Stafford and the Rams have a mutual desire to continue their relationship, but he is seeking guarantees beyond the 2024 campaign. The 36-year-old’s representatives have been in discussion on a resolution during the offseason, although even in the absence of one a training camp holdout is not expected. The likes of Mahomes, Jackson and Allen retain a place in the top 25, and the same will no doubt be true of Burrow for years to come.

Of the receivers listed, only Hill is known to be actively pursuing a new deal. The 30-year-old once led the receiver market with a $30MM AAV, a figure inflated by non-guaranteed money at the end of the pact. With the bar having been raised to new heights this offseason, Hill could join teammate Jaylen Waddle in securing a new payday. Since the team has a Tua Tagovailoa extension on the horizon, however, Miami could hesitate on the Hill front.

It come as little surprise that Williams tops the list for offensive linemen. The 11-time Pro Bowler has been mentioned in retirement rumors before, but playing to age 40 is now a goal. Meeting it could require future contract adjustments. Samuel’s future in the Bay Area was a talking point this offseason as the team attempts to keep Brandon Aiyuk in the fold. One of the high-profile wideouts may be playing for a new team for the first time in their career in 2025.

Elsewhere along the O-line, Moton and Taylor demonstrate the value seen at the right tackle spot in recent years. Given the developments of the guard market this offseason, though, the likes of Thuney and Nelson will have competition for spots on the list in future years. Similarly, the non-Hill wideouts could easily be surpassed in the future with a further additions set to be made (particularly by Lamb, Aiyuk and Ja’Marr Chase) at the top of the ever-increasing market.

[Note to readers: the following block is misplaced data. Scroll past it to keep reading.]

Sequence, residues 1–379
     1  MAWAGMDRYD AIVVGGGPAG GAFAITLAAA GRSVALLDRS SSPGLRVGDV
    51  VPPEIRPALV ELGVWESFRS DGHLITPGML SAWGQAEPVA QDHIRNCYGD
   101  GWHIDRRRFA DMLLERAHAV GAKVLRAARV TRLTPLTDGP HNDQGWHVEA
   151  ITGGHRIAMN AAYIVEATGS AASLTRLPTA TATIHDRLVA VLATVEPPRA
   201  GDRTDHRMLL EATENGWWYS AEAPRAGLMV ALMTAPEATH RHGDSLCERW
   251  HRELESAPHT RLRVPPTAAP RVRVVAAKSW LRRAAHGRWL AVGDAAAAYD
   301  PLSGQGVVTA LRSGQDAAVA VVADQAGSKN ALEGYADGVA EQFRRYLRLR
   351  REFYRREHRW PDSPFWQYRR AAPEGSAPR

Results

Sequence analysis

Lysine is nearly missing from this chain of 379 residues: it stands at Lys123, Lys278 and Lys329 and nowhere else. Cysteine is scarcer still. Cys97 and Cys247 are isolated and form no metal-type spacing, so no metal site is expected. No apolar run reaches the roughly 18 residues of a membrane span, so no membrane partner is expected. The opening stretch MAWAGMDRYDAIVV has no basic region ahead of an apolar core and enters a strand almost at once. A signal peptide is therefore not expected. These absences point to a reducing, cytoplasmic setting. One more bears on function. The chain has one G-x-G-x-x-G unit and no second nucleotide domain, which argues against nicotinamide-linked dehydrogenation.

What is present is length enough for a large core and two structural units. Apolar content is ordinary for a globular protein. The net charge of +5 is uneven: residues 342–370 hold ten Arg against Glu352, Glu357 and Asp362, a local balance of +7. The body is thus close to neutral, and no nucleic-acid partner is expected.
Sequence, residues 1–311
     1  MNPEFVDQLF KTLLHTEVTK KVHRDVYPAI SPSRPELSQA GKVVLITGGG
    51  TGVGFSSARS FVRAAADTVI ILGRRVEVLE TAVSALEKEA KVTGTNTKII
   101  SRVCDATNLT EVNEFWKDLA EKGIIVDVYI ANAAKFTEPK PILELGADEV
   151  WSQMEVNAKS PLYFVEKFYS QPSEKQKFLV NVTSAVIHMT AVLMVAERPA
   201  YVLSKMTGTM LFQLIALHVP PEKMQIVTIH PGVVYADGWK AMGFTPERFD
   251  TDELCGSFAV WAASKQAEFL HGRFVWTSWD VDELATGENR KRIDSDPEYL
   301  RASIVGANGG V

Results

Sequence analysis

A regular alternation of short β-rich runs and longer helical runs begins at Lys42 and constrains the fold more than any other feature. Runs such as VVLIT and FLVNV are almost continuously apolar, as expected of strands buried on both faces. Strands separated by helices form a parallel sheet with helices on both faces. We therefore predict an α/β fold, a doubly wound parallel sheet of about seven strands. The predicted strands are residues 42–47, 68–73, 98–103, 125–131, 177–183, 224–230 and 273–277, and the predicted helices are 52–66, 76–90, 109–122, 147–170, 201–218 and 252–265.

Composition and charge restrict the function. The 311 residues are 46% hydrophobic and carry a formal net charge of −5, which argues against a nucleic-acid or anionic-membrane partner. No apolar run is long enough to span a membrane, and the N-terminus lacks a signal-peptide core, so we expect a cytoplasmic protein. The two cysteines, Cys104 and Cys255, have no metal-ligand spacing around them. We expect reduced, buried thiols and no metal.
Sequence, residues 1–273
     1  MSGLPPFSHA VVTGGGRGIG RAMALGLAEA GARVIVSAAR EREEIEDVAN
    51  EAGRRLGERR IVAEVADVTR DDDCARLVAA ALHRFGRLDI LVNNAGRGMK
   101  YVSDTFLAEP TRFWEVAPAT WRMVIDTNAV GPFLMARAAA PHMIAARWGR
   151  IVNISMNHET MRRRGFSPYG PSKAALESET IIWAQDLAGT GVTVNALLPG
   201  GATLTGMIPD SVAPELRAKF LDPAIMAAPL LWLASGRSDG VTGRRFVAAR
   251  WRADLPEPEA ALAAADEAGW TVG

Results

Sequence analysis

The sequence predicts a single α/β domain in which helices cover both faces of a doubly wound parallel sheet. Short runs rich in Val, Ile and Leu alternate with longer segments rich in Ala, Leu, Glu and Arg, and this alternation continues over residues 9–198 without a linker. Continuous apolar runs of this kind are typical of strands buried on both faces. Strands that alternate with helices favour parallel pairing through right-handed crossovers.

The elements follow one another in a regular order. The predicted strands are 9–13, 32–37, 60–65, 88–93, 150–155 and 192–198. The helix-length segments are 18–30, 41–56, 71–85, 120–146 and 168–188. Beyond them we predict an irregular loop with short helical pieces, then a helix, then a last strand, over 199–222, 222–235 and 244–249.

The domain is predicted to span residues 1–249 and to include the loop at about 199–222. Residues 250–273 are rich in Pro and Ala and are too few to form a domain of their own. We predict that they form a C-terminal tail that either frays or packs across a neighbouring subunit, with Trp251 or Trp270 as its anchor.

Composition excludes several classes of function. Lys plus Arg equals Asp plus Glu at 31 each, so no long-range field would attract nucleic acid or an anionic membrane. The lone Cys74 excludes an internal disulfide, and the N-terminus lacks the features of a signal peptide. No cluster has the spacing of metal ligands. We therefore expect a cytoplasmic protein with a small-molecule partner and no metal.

Goff joined the $50MM-per-year club on his third NFL deal, whereas Cousins continued to add to his impressive NFL earnings by joining the Falcons. If healthy, the latter could prove to be an effective pickup for a team aiming to return to the postseason (while quieting questions about a transition to Michael Penix Jr. under center). Smith also has plenty riding on this season with a new Seahawks coaching staff in place which incrementally arrived at the decision he will serve as the starter in 2024.

Offseason In Review: Kansas City Chiefs

Going 50 years in between Super Bowl appearances, the Chiefs have now trekked to four (and won three) in the past five seasons. Kansas City’s walk-off Super Bowl LVIII triumph marked the ninth instance of back-to-back Super Bowl wins. However, the Chiefs joined only the Broncos (1997-98) and Patriots (2003-04) as teams in the salary cap era to repeat.